When Art Nouveau lost its glow, his work was used as wallpaper or was thrown away. The undersung French Art Nouveau artist Paul Berthon (1872-1910).

Maîtres de l’affiche, front cover (1895)
Maîtres de l’affiche, back cover (1895)

The undersung French artist Paul Berthon (1872-1910) studied under two of the great Parisian Art Nouveau artists of the time, Luc-Oliver Merson and Eugène Grasset. Grasset in particular, became something of a mentor to him. Berthon’s studies of the decorative arts had an influence on his printmaking as did the strong lines of Grasset’s work. The huge difference with Berthon’s lithographs is that the vast majority of them were made as pure art and were free of the advertising that dominated the work of so many of his contemporaries. They stand on their own.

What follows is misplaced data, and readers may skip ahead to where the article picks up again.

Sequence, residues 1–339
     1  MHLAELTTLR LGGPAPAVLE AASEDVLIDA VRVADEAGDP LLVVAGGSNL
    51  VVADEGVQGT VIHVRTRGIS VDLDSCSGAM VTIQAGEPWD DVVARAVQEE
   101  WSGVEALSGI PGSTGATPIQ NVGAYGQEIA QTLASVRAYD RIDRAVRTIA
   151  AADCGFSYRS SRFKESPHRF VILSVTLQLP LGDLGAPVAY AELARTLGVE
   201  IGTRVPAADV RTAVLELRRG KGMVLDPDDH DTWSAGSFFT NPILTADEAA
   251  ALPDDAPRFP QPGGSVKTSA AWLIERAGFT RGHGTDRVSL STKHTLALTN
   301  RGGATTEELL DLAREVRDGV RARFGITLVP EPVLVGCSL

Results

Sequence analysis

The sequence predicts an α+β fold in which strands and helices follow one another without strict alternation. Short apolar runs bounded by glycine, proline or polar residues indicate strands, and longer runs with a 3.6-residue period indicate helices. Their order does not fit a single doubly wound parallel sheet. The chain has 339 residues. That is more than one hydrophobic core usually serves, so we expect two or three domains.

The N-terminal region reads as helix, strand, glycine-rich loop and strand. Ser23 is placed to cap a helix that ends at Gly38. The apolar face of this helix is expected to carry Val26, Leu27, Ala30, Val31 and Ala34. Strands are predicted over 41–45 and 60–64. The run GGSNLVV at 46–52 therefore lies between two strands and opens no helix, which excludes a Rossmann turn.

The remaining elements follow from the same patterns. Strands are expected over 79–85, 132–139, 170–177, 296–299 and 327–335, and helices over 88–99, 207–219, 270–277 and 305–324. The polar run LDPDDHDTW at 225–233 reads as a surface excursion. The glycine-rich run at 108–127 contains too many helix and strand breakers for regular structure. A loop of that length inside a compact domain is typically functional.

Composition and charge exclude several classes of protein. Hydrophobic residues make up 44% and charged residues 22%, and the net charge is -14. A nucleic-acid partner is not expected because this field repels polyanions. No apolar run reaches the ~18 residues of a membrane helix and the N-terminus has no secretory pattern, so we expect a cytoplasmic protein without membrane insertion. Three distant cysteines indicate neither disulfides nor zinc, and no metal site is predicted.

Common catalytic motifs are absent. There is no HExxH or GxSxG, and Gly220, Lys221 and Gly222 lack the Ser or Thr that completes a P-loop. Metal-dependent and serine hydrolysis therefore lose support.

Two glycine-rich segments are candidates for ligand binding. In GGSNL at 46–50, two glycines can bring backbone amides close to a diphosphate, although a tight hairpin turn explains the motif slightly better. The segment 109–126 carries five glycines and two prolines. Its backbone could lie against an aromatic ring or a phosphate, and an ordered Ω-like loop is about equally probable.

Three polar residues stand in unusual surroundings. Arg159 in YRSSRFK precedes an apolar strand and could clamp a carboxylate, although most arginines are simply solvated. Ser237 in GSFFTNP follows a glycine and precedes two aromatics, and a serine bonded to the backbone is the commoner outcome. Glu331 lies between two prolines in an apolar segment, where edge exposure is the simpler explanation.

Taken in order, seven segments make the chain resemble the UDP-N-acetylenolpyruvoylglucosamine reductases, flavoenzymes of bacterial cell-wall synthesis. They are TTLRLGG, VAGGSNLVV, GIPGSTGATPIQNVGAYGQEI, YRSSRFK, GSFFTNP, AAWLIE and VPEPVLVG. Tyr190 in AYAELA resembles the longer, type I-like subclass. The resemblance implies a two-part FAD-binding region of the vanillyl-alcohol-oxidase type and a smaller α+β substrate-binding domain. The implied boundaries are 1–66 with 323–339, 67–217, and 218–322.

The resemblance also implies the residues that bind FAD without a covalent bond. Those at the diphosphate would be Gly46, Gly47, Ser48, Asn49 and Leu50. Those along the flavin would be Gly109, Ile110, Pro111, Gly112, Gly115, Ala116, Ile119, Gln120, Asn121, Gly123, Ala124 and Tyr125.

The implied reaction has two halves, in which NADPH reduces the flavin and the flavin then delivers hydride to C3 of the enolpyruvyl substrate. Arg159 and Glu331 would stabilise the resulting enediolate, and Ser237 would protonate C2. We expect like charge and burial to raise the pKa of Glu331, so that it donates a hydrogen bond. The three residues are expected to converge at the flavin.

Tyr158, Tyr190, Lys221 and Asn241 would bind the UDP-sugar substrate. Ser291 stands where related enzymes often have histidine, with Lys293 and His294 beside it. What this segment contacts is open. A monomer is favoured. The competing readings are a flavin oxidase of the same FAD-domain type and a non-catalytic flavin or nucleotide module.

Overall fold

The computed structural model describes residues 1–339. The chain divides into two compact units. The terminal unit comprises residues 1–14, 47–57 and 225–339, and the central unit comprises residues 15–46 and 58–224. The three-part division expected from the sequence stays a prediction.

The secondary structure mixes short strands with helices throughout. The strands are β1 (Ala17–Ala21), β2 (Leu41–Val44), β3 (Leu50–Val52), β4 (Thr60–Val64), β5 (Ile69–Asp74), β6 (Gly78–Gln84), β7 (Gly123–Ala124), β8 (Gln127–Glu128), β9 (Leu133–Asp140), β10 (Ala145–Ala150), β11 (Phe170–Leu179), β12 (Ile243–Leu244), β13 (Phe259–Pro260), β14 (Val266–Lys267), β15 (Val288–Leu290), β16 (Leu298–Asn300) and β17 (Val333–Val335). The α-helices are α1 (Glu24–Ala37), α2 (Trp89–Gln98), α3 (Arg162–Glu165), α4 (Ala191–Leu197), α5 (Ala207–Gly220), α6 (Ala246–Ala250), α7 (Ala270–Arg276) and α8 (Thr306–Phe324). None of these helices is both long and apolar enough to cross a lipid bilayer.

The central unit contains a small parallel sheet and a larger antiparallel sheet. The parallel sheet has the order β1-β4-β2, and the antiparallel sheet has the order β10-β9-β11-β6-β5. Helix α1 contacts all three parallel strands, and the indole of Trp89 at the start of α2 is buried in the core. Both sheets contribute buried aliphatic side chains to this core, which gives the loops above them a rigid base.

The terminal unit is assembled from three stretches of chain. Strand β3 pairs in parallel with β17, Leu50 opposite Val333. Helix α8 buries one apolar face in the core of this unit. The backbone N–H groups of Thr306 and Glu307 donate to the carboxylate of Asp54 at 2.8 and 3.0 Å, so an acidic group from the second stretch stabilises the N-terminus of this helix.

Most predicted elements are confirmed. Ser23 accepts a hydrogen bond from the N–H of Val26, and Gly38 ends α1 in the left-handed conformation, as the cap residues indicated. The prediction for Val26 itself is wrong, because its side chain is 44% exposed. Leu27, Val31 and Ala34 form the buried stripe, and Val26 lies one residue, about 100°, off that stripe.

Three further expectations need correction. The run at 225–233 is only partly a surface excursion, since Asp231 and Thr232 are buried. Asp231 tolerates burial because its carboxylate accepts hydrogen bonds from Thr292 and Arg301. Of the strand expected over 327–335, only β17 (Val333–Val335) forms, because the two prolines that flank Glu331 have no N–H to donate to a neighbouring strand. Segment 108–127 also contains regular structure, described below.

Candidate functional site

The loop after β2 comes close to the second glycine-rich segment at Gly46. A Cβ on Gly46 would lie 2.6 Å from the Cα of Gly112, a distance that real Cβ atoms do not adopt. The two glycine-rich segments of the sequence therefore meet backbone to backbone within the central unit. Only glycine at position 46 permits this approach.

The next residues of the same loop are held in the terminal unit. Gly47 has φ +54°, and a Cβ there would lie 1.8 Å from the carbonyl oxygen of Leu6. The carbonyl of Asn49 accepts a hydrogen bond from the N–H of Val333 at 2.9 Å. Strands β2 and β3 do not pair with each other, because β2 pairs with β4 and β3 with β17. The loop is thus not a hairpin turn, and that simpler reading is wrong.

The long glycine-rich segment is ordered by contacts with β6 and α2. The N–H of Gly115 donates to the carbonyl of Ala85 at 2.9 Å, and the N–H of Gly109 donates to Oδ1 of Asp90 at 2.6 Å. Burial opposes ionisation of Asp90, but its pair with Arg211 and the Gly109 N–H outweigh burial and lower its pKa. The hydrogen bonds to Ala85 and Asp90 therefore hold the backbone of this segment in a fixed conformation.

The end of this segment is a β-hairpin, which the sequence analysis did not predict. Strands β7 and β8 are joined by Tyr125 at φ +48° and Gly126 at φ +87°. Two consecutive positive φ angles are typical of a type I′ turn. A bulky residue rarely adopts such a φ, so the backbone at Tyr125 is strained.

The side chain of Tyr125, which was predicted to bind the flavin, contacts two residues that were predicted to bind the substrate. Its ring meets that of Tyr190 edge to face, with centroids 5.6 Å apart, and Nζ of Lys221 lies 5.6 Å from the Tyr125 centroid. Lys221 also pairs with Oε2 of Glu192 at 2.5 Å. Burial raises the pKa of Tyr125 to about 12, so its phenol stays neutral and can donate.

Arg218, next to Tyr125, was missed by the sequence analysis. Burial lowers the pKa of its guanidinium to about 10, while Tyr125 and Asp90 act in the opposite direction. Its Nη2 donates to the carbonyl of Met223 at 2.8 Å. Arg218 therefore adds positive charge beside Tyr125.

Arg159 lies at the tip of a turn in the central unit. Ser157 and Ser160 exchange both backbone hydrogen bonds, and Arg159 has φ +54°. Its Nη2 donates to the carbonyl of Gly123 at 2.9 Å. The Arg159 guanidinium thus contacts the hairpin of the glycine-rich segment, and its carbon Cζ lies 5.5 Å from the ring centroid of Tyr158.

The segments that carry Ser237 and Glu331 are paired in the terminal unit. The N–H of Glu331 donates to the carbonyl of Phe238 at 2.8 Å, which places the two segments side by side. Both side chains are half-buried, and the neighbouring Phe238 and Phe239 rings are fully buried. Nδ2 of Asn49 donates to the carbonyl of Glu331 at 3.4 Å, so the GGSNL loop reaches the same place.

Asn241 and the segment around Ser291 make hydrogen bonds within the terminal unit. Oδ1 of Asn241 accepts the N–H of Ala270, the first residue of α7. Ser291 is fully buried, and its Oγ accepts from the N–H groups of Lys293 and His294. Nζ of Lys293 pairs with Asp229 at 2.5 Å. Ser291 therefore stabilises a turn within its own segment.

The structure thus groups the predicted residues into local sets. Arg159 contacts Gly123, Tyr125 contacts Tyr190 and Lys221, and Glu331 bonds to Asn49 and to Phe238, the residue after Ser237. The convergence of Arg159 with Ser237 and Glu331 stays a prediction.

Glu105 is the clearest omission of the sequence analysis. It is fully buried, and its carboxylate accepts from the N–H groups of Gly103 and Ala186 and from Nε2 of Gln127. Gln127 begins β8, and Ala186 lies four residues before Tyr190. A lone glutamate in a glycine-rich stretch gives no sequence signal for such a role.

Very little is known about Berthon’s short 37 year life. A huge amount of his work was destroyed during the two world wars. By the start of WW1, Art Nouveau had lost its momentum.  The posters of Berthon, Grasset and Mucha were no longer prized possessions, and many of the posters were lost or simply thrown away.  During the economic depression that followed World War II many of the lithographic posters were used as wallpaper or wrapping paper.

Poster for Le livre de Magda by Armand Silvestre (1898)
Snowballs (c. 1900)
Sainte Marie des Fleurs (c. 1897)
Portrait of Queen Wilhelmina in Traditional Costume (1898)
Sarah Bernhardt as Melisande (c.1882 – 1909)
Salon des Cent (1895)
Lace (c.1882 – 1909)
Iris, (c.1882 – 1909)
Vision Antique (1899)
La Lyre (c.1882 – 1909)

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